If you’ve overindulged in the Christmas fare this year (and you wouldn’t be alone) then fear not. Swiss chef Ralph Schelling has a seasonal favourite that’s topped with bright and slightly bitter radicchio, smoked cod and a reassuringly warming risotto.

Serves 2

500g smoked cod, deboned
450ml milk
2 bay leaves
Black pepper from the mill
1 shallot
50g butter
200g risotto rice
100ml white wine
500ml hot vegetable broth
2 large handfuls of radicchio leaves
Salt to taste


  1. Put the fish in a pan and cover with the milk and bay leaves. Add pepper, bring to the boil once then simmer for 5 minutes on the lowest heat. Remove the cod and set aside, while saving some of the milk.
  2. Finely chop the shallot and sauté in the butter in another pan. Turn up the heat to medium and add the rice to the shallots and deglaze with white wine for about 45 seconds so some of the alcohol cooks off. Keep stirring. Add the vegetable stock and cook to packet instructions until it’s almost completely absorbed – then add in the milk you saved. When the risotto is done (keep stirring) add in the cod and the chopped radicchio leaves.
  3. Season to taste and enjoy.


Close encounters

The sight of long queues outside supermarkets has returned to Toronto this December (writes Tomos Lewis). Unlike during the first wave, however, there has been a greater urgency for Torontonians to stock up on the essentials at smaller, independent grocery shops in their own neighbourhoods.

Among those companies to have benefited from this change is Fresh City Farms, a farm-to-table online grocery delivery service launched in 2011. It now operates several bricks-and-mortar bakeries, butchers and grocery shops across the city too. Founded by trained lawyer Ran Goel, Fresh City’s shelves are now stocked with essentials by smaller Ontario-based food producers, including organic washing-up liquid and locally churned butter.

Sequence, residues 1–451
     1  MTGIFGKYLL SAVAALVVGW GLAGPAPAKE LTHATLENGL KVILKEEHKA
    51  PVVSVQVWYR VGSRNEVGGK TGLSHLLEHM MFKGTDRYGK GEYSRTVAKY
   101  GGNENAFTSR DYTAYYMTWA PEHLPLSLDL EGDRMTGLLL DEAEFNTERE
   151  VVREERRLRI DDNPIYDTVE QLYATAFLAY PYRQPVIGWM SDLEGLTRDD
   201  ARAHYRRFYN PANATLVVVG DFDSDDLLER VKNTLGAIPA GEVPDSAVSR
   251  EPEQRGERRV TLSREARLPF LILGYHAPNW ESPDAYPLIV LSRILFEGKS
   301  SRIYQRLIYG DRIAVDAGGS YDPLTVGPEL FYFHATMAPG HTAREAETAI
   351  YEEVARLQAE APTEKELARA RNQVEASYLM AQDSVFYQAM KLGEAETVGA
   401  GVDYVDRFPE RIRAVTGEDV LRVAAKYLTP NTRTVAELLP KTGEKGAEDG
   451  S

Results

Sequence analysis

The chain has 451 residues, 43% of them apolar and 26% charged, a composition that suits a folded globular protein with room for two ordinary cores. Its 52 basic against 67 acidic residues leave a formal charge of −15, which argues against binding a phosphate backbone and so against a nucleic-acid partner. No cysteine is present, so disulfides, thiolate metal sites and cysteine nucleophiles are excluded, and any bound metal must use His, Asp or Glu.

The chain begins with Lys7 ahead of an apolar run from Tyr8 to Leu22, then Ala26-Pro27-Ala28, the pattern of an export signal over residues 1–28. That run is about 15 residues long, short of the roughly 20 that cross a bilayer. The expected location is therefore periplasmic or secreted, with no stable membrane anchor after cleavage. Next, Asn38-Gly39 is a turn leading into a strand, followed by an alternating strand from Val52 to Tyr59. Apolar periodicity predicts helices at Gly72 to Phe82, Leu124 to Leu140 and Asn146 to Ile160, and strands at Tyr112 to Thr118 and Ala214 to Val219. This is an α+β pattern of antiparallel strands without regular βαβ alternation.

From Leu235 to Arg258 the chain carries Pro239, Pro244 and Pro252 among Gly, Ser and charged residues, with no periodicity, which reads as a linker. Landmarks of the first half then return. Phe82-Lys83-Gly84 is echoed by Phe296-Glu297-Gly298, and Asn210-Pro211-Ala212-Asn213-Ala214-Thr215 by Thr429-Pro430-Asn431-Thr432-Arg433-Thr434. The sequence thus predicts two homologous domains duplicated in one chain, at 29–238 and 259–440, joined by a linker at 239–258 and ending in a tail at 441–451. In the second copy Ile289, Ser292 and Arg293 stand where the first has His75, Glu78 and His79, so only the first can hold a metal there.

Fresh City’s physical outlets also represent a new take on an old approach to food retail in Toronto. Its first two supermarkets are housed in condominium developments, retail spaces that are traditionally the preserve of larger, marquee supermarket, pharmacy and coffee-shop chains, rather than independent businesses. It’s a practice that has given some recently developed parts of the city a slightly flat-pack feel.

What constitutes an essential business has been debated widely this year. But as Fresh City Farms has demonstrated, smaller, more thoughtful retailers in residential neighbourhoods are more essential than ever.


Head for the hills

It’s high up in the mountains where I feel most at home (writes Victoria Cagol). I was born in the heart of the Italian Alps, just a few kilometres from the Austrian border. Growing up, we would head into the mountains on long family hikes – nothing reminds me of my childhood more than the sound of gently clinking cowbells. On these adventures I picked up an armoury of new skills, including how to identify edible mushrooms and how to determine north by looking at the moss growing on a rock (a skill that I should probably add to my CV).

When the city’s frantic pace becomes too much, I grab my hiking boots and hop on a plane back home (lockdowns permitting). Once there I head straight for the hills to breathe in the crisp air, and I bask in the rugged beauty and quiet that envelops those ancient peaks. Time seems to flow more slowly up there and – as anyone currently Christmassing in the mountains will surely affirm – food seems to taste better at altitude too. You can’t beat a big meal in a snug wooden cabin followed by a glass of homemade schnapps, all best enjoyed with a sunset backdrop and the promise of a warm bed. There’s a resolution for you.

If you’re looking for a kinder, quieter year in 2021 then we’d like to direct you to ‘The Monocle Book of Gentle Living’, published by Thames & Hudson.


Much obliged

Say it. Everyone knows that part. “Thank you”. But do you mean it? Sometimes that’s not so simple. And that means you, whether or not you really wanted that leather jacket or just grinned through its opening for Aunt Greta’s sake. But if 2020 taught us anything it’s that time spent together matters much more than gifts or gaudy celebrations. A simple “cheers” to acknowledge all of the things that went our way – and the gifts we received, in whatever form – is a powerful message to take from this messy year into the next with a little hope and humility. Speaking of which, thank you very much for reading and have a great Sunday. Happy holidays.


sign in to monocle

new to monocle?

Subscriptions start from £120.

Subscribe now





Monocle Radio

00:00 01:00